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Wednesday, June 22, 2005
Aricle by Bill Gertz of the Washington Times.

As a sort of primer in the event you choose not to read the article, Bill Gertz writes that US intelligence and security agencies are investigating reports of the Sudanese government renewing its covert support of the al Qaeda terror network along with other Islamic terrorists. Apparently in the last few weeks, there was an agreement made between the Islamist government in Khartoum and al Qaeda-linked terrorists and some other Muslim extremists.

Also according to the article, there are at least four al Qaeda training camps in Sudan. A fifth, located in Khartoum, is limited to Sudanese Islamists. Mr. Eric Reeves, a Sudanese specialist at Smith College (Northampton, Mass) said that if Khartoum is backing terrorists, it is probably because the government wants to warn the US and other western supporters of aid efforts in Darfur that Sudan is willing to turn the region into "another Iraq".

In an apparent attempt at a rebuttal, Ambassador Khidir Haroun Ahmed (Chief of Mission, Sudan Embassy, Washington) wrote in to the Times with the following:

"Your article "U.S. Probes reported Sudan link to terror" (Page 1, Friday) was a complete misrepresentation of reality. While I understand that some in the United States will go to any lengths to block Sudanese-U.S. cooperation in any area, including the war on terrorism, your report appeared to be looking for a problem where there is none.

For the record, al Qaeda does not have a base in Sudan, and my government is not cooperating with al Qaeda or any other terrorist organization regarding training, financing or other forms of material support. Our liaison in the area of intelligence has been complete and unqualified. We will continue to consult and cooperate fully with the United States and the international community to combat terrorism.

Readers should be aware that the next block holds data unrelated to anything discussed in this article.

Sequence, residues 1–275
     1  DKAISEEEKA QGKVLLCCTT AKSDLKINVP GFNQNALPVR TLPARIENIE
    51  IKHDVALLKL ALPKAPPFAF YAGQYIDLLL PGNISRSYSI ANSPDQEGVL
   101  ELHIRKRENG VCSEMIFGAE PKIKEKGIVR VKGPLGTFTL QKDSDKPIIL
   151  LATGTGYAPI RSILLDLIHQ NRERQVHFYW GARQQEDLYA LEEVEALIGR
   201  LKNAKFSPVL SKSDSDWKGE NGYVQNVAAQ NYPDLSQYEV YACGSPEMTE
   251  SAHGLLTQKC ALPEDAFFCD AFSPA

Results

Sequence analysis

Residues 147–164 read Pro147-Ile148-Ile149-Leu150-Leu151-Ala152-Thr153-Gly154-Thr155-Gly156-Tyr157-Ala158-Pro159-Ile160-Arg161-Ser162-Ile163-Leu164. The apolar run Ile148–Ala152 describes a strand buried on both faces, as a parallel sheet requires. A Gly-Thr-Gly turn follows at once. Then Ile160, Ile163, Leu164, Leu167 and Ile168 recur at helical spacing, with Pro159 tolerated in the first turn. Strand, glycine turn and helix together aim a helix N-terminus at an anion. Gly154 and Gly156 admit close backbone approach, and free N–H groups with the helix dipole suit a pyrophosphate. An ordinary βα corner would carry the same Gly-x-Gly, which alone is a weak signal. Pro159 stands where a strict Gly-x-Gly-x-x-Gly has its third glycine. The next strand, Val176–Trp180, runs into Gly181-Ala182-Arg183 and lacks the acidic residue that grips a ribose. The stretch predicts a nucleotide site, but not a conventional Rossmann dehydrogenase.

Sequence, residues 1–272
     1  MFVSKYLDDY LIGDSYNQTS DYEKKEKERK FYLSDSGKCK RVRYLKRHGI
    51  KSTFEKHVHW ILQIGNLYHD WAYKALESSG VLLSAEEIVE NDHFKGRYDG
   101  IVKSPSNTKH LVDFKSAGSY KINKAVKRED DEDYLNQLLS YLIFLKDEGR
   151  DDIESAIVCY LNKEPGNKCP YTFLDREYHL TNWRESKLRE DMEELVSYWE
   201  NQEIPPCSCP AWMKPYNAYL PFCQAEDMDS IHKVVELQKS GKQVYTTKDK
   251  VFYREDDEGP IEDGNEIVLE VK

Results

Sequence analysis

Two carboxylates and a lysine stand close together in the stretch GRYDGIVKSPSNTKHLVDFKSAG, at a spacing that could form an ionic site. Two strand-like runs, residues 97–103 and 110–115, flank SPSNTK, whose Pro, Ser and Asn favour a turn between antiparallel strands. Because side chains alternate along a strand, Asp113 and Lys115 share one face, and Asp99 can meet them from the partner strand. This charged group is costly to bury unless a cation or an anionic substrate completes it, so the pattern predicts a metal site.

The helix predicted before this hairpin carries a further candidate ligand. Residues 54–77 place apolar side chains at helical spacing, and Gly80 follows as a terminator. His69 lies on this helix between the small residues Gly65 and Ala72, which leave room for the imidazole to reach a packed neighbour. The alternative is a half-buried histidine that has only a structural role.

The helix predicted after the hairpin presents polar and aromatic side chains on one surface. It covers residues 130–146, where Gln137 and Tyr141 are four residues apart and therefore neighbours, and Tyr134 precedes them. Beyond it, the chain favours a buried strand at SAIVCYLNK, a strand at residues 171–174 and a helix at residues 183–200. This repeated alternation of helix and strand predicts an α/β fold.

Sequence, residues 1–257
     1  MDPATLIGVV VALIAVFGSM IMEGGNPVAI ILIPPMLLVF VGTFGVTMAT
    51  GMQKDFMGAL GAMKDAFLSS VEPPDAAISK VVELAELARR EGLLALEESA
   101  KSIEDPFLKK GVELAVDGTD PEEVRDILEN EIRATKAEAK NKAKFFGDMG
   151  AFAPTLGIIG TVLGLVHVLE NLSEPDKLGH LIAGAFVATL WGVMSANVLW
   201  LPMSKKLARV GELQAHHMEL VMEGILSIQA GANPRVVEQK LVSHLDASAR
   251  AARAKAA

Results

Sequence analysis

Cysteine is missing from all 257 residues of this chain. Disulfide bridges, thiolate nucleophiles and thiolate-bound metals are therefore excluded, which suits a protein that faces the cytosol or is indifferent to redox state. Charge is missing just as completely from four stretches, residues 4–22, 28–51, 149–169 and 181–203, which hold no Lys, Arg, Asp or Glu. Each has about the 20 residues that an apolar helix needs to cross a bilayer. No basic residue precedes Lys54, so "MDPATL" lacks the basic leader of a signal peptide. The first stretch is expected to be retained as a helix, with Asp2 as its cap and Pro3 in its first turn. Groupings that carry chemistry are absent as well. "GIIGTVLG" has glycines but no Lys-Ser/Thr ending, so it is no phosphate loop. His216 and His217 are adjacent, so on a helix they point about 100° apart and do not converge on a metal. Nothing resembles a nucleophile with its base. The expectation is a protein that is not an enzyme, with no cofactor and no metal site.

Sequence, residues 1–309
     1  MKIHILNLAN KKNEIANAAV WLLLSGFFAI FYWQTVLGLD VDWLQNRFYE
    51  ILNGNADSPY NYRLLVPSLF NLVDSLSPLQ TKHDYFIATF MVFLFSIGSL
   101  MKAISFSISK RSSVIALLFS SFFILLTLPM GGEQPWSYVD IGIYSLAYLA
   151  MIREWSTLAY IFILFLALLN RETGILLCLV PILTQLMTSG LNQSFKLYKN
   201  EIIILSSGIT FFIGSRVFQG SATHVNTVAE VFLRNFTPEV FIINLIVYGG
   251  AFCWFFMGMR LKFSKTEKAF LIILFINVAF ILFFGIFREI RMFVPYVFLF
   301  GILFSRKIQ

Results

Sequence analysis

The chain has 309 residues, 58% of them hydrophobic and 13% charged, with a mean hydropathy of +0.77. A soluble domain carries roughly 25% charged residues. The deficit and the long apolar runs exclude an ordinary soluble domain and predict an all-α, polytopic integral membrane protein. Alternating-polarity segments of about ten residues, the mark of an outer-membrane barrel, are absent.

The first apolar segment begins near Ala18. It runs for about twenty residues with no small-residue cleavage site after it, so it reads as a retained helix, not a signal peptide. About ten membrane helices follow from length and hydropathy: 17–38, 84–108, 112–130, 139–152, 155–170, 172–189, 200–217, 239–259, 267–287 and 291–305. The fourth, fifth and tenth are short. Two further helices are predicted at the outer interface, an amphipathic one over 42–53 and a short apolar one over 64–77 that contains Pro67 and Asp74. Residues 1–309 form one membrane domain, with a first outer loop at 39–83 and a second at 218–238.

Your story was a rather transparent attempt to use rumors, biased and ill-informed sources and the emotionally charged issue of Darfur to undercut Sudanese-U.S. consulations and cooperation in an area of critical importance to both governments--the war against terrorism. Regardless, no amount of misreporting or misinformation will undercut the excellent lines of communication and cooperation that have been established over recent years."

The only problems that I have with this letter is the fact that if it is possible to have 2 million people displaced from a region due to the civil war and whatnot, is it really that inconceivable to think that there may be terrorists training in the country as well? What about the financing that is reaching the Darfur rebels from Israel via Eritrea? It is a tumultuous region due to lengthy wars, and also mentioned in the letter is the concern that the report was "looking for a problem where there is none" (but they have discovered no less than 5 training camps thus far), is the reporting really that far off base? I guess this guy is a Times reader.

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